This is documented at: DirectX Graphics Infrastructure (DXGI): Best Practices and further discussed at DXGI Overview: Care and Feeding of the Swap Chain.
There are 3 basic calls involved, as follows:
This is used to switch between fullscreen and windowed modes; if you're not switching (i.e you're going from a fullscreen to a fullscreen mode, or from a windowed to a windowed mode) you don't need it.
In a fullscreen mode this changes the display resolution; in a windowed mode this changes the size of the window. However it doesn't resize any of the underlying D3D objects (such as your backbuffer, your depth/stencil buffer, etc), so for that you need:
This will resize the backbuffer to match either an application-provided size or the size of the client rect of your window, depending on parameters you specify. It will not resize your depth/stencil buffer.
To resize your depth/stencil buffer you should destroy it and recreate it. You already have the code needed to destroy it in your program's shut down code, and you already have to code needed to recreate it in your program's startup code, so it's highly recommended that you reuse those.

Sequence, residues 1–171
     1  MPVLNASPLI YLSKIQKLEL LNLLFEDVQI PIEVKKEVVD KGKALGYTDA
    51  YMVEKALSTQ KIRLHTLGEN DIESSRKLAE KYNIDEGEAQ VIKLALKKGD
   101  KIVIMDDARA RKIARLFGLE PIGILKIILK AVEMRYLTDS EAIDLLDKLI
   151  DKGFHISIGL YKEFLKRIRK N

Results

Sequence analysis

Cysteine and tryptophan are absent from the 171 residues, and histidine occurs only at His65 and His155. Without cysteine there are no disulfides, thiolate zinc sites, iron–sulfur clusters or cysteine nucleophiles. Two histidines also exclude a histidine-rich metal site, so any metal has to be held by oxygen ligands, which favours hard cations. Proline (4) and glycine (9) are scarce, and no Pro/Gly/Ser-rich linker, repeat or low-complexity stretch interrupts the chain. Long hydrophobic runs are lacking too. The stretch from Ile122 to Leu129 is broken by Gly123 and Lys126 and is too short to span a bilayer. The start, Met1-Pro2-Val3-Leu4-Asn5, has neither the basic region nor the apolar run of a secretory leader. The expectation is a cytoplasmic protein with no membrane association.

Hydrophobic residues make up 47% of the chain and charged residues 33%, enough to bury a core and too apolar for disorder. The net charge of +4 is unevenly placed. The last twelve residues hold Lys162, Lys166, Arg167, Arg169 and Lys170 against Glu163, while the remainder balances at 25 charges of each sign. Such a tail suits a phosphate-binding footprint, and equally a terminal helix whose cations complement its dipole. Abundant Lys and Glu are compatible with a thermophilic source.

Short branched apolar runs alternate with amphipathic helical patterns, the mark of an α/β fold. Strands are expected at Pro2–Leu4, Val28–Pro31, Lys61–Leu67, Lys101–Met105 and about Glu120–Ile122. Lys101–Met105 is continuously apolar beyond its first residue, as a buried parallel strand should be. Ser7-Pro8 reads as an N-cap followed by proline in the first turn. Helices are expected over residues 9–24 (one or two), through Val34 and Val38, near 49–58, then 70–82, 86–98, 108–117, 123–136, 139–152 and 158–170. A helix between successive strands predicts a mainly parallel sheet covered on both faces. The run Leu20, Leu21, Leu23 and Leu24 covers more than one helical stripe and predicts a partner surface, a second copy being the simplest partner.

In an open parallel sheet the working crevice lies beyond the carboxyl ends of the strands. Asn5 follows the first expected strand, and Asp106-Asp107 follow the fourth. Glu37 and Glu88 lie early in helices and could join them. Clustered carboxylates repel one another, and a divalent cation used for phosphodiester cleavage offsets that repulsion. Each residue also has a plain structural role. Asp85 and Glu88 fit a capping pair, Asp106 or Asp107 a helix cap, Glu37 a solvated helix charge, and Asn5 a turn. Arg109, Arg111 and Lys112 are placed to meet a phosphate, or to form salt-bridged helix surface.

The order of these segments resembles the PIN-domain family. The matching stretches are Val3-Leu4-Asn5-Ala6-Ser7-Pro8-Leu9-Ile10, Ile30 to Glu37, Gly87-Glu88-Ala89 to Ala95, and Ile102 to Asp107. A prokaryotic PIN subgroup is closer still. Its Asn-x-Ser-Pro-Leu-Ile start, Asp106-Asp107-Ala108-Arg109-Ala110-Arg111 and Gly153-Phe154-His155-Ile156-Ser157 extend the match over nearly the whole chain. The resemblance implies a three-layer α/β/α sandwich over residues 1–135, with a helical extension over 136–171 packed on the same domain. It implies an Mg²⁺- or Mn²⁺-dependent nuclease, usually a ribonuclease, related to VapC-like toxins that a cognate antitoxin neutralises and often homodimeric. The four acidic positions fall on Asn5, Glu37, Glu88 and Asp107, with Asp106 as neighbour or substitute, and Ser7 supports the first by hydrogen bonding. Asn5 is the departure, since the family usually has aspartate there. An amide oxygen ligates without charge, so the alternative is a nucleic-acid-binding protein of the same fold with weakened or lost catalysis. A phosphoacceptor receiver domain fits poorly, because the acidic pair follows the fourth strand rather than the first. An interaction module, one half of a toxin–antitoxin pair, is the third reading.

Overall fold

You will also need to reset your viewport manually, as well as manually recreate any render targets you're using which need to match the window size/video mode.
It's also highly recommended that you read the first two links I've provided very carefully, as well as the individual documentation for each call. There are some corner-cases where things may not work as you expect (it's best to ask separate questions about them if you run into them) and DXGI will operate in one of two modes: either it will handle most things automatically for you (but it may not do so the way you want) or you will have to do all the work yourself, depending on if you've used IDXGIFactory::MakeWindowAssociation or not.
My recommendation is to not put this code into your own program just yet. Instead make a standalone program that just draws a black screen, and work through mode changing in that until you have a good understanding of what needs to be done and when and how to do it.
DXGI has it's own logic and if you use it the way it was designed to be used you'll do fine; if you try to fight against it or try to shoe-horn a different way of working onto it, you'll create a mess. It's best to have that learning experience in a separate program.